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Ideas & Observations

Guest contributor: Sophie Milliken, founder of Moja

Moving the dial on female funding

As recent findings from The Alan Turing Institute show female-founded companies account for less than three per cent of venture capital deals involving artificial intelligence start-ups, Sophie Milliken, founder and chief executive of Newcastle-based PR agency Moja Group, calls for watershed revision.

The findings of the Turing report were sadly not a surprise, for they reflect the wider challenges around funding I hear throughout the UK from fellow female founders.

As well as having lived experience as a female founder, I am in my second year of a PhD at Durham University focusing on female entrepreneurship.

When writing my initial research proposal, I read widely to understand the challenges faced by women entering entrepreneurship, and found funding was a key barrier.

I was shocked to discover how hard it was for women to secure funding, and appalled at the low numbers obtaining investment.

Many of us are now aware of the often- quoted stat that for every £1 of venture capital investment in the UK, all-female founder teams get less than one pence.

In contrast, all-male founder teams get 89 pence and mixed-gender teams ten pence (1).

Despite such increased awareness, though, the funding between male and female entrepreneurs remains stark.

One of the best resources for female founders is the Alison Rose Review of Female Entrepreneurship, which was created in 2019 with annual updates since.

It was commissioned by the Government with the aim of identifying and addressing the challenges faced by female entrepreneurs.

Highlighting many of the barriers particular to female entrepreneurship, including a lack of visible role models, caring responsibilities and access to funding, it outlined a series of recommendations, such as measures to increase access to finance, provide greater mentoring and networking, and promote financial education for women.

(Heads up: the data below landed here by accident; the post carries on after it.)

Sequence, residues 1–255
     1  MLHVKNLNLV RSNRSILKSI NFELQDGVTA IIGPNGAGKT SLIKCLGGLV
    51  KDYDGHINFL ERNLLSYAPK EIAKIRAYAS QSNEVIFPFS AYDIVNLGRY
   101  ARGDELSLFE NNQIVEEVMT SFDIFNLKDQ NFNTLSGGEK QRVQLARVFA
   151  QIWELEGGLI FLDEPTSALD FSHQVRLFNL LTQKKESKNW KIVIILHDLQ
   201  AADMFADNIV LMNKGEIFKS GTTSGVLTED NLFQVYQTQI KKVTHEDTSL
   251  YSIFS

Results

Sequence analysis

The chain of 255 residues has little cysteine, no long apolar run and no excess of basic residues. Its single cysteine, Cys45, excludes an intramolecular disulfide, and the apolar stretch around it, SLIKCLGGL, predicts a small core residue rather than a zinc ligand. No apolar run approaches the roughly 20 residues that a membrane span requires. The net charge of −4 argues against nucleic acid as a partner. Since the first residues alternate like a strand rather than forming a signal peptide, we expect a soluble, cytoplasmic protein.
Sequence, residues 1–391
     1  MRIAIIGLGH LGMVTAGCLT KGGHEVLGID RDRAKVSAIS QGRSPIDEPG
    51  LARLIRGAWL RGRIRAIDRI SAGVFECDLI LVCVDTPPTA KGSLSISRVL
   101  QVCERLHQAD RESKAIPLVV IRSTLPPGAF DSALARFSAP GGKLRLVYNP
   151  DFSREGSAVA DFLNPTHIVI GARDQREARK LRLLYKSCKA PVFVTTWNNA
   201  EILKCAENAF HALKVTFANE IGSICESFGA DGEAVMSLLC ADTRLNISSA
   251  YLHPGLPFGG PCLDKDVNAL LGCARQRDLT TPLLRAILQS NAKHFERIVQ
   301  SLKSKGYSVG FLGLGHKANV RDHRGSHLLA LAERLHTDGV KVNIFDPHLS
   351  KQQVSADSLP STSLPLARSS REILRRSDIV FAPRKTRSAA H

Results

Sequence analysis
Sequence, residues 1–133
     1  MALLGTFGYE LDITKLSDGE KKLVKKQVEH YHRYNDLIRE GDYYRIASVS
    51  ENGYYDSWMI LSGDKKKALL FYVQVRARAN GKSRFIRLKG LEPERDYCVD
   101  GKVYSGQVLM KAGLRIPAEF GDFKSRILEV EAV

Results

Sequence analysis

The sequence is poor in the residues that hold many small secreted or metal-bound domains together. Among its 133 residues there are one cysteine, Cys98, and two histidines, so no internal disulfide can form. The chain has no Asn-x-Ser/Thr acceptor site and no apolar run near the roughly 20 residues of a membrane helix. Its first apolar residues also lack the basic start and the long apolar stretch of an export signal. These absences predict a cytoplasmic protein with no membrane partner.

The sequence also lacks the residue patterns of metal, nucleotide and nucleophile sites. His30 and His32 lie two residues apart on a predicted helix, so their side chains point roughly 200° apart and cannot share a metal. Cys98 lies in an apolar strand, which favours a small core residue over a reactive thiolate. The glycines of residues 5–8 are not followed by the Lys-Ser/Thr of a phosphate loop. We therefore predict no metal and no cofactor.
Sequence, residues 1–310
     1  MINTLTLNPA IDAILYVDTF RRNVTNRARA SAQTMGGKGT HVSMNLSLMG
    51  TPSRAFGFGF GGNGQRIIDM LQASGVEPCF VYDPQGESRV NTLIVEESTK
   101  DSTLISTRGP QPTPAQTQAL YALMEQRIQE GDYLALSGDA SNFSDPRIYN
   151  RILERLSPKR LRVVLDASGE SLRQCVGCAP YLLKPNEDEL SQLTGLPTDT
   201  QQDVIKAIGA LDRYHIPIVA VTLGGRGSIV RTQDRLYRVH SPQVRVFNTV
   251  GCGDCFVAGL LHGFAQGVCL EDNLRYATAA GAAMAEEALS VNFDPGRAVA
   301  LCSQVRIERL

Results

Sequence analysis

One of its brilliant initiatives is the Investing in Women Code, which is designed to directly address the lack of investment going to female entrepreneurs from early stage and seed funding through to venture capital investment and bank loans.

However, one of its aims is that the level of funding should match the proportion of women-led companies in the economy, which was 20 per cent in 2022.

So we still have a long way to go!

And what doesn’t help is that venture capitalists are predominantly male, with research showing they tend to ask men promotion questions and women prevention ones.

There are several research reports and articles that show this to be key in holding women back; the findings of a Harvard Business Review article (2), for example, are particularly shocking.

So, what would actually help?

I would love to see more visible role models and case studies, which would make securing investment seem more accessible to women starting out. More women-led investment events, groups and accelerators would be positive too.

And I’d also love to see more women on investment boards and as angel investors.

These are actions that could make real change to that one pence.

References:
1: British Business Bank; www.british-business-bank.co.uk/uk-vc-female-founders-report/
2: Harvard Business Review – How the VC pitch process is failing female entrepreneurs; www.hbr.org/2020/01/how-the-vc-pitch-process-is-failing-female-entrepreneurs